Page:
The Pentagon's National Security Space Office (NSSO) may begin a study in the near future on the possibility of using satellites to collect solar energy for use on Earth, according to Defense Department officials.
The officials said the study does not mean that the military plans to demonstrate or deploy a space-based solar power constellation. However, as the
Pentagon looks at a variety of alternative energy sources, this could be one possible method of supplying energy to troops in bases or on the battlefield, they said.
The military's work in this area also could aid development of a system that could provide energy to non-military users as well, according to Lt. Col. Michael Hornitschek, chief of rated force policy on the Air Force staff at the Pentagon.
Hornitschek, who has been exploring the concept of space-based solar power in his spare time, recently briefed the NSSO on the concept of space-based solar power, and stimulated interest in conducting a formal study, according to Lt. Col. M.V. 'Coyote' Smith, chief of future concepts at the NSSO. The NSSO would need to find the financial resources and available manpower to conduct the study, Smith said.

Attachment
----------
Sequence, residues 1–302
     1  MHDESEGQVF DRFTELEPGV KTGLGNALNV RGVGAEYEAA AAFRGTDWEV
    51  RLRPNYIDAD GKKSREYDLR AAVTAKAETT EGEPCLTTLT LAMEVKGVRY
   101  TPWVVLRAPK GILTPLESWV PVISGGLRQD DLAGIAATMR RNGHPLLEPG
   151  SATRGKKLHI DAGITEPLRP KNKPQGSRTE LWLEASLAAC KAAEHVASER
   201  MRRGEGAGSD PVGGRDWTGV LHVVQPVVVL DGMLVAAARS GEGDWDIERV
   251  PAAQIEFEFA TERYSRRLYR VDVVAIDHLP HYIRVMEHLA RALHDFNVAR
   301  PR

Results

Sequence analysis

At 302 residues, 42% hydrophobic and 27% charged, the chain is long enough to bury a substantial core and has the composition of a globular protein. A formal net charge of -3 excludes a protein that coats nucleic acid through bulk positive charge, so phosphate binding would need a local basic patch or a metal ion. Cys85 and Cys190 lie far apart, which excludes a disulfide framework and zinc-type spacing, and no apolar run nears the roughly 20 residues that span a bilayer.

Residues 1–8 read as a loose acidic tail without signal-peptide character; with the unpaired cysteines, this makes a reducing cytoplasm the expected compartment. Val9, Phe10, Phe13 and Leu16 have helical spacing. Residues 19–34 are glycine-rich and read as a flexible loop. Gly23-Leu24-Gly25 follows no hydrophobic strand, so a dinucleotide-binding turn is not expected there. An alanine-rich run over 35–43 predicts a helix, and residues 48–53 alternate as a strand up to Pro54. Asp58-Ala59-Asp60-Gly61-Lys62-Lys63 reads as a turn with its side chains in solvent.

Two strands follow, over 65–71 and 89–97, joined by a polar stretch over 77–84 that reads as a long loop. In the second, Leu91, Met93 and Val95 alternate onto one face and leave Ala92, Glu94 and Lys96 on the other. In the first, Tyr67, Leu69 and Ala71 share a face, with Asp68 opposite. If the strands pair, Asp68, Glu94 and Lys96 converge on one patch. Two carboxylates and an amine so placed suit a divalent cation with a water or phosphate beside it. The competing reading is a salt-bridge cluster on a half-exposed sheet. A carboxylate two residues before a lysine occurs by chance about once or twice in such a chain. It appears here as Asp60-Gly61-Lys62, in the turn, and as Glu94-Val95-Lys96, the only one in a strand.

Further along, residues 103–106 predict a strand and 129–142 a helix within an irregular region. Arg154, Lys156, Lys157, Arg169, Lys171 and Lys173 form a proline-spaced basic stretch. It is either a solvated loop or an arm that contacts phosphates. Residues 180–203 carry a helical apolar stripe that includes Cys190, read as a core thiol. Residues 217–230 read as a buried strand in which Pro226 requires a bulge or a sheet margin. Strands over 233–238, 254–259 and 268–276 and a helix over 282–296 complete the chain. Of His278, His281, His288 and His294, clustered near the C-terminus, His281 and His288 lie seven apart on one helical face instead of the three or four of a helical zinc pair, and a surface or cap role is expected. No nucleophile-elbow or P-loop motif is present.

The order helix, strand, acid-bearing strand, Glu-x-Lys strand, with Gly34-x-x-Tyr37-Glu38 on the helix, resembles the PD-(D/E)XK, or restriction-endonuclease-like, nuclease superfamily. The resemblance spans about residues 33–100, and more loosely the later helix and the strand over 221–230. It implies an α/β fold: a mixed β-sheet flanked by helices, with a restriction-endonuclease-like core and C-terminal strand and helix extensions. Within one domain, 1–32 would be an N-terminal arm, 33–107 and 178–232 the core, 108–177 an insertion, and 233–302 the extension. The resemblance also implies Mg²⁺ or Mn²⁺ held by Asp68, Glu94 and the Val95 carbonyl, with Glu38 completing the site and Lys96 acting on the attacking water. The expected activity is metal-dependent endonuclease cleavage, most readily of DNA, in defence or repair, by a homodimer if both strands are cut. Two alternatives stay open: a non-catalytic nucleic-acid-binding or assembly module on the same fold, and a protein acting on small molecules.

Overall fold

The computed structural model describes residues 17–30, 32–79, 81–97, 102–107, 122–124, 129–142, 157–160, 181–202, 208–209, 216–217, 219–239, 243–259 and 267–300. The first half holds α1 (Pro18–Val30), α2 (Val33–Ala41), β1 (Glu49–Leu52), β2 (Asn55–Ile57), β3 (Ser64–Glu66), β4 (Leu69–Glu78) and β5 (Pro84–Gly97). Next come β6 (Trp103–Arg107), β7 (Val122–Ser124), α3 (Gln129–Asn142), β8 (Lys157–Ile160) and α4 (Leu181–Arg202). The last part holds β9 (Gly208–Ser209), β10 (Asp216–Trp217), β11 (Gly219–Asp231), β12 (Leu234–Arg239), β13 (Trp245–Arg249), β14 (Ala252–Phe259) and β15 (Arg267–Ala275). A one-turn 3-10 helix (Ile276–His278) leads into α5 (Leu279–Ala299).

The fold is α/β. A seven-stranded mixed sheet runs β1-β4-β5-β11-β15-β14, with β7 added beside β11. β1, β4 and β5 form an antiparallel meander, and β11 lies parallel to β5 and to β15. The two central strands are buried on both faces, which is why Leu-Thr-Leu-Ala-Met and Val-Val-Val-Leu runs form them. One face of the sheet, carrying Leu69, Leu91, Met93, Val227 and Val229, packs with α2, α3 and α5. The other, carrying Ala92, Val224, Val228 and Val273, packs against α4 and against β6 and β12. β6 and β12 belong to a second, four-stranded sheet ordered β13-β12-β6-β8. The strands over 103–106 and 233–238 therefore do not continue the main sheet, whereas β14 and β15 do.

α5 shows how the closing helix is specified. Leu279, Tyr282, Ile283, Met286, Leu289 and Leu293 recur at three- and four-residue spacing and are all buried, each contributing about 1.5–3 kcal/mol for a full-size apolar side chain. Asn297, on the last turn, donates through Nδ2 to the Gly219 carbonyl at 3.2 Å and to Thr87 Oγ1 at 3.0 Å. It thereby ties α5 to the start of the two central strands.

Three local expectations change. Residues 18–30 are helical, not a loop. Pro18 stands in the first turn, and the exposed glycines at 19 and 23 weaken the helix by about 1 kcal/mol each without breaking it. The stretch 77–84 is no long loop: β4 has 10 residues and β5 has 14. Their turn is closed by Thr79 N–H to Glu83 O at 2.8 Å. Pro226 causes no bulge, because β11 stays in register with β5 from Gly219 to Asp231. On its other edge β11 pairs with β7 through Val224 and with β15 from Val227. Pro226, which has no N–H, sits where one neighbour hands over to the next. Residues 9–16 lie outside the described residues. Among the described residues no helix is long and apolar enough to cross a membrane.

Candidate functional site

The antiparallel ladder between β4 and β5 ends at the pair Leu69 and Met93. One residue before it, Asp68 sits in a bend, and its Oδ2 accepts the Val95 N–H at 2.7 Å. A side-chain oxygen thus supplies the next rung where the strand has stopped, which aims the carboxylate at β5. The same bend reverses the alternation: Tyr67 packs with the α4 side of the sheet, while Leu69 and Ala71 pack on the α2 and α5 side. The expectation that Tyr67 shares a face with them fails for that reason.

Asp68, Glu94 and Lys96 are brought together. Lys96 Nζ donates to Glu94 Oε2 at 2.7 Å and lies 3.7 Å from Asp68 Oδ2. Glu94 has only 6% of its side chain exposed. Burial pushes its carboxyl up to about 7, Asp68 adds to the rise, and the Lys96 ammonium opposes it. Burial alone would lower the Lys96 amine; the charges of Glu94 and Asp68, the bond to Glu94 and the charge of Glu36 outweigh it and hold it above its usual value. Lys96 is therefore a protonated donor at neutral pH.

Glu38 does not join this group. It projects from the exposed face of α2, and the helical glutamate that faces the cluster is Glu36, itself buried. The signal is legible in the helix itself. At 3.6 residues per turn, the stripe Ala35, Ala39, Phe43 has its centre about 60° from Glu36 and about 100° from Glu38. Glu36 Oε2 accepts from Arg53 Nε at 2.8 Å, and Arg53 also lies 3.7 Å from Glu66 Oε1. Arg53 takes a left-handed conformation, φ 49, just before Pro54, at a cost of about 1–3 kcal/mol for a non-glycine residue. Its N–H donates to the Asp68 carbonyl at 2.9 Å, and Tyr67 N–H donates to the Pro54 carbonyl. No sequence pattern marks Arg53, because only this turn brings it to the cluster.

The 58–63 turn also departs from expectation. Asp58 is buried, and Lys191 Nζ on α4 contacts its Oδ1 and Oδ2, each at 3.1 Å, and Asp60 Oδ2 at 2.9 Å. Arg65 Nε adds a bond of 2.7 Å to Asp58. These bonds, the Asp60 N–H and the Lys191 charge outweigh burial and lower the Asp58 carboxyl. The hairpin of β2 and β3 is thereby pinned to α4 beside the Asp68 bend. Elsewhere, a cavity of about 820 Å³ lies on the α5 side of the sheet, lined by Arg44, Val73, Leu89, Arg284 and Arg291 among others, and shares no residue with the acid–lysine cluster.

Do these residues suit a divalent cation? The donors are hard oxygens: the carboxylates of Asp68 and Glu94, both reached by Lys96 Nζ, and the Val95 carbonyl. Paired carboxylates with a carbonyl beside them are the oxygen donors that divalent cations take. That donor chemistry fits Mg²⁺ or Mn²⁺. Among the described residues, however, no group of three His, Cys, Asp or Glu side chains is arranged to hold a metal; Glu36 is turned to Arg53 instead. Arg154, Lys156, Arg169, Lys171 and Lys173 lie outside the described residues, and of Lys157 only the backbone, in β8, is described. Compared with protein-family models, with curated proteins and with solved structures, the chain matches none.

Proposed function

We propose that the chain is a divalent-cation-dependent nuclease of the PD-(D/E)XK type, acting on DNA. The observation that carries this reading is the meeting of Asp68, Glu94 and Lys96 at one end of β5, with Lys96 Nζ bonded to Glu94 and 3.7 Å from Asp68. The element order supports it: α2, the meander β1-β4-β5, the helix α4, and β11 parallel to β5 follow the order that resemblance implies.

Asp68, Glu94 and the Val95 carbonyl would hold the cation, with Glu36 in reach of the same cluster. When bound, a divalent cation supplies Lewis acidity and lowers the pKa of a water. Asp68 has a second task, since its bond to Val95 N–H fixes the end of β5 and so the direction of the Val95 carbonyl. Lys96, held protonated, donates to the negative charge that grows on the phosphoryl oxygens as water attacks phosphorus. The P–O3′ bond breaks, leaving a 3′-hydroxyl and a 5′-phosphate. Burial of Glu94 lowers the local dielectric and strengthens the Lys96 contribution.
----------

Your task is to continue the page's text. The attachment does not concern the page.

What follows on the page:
Hornitschek would lead work on the study on behalf of the NSSO if the NSSO elects to pursue it, and he said he hopes that a system could be deployed in roughly 20 years.
This isn't strictly new. Some of the old studies by the Pentagon have broguth thsi up time and again.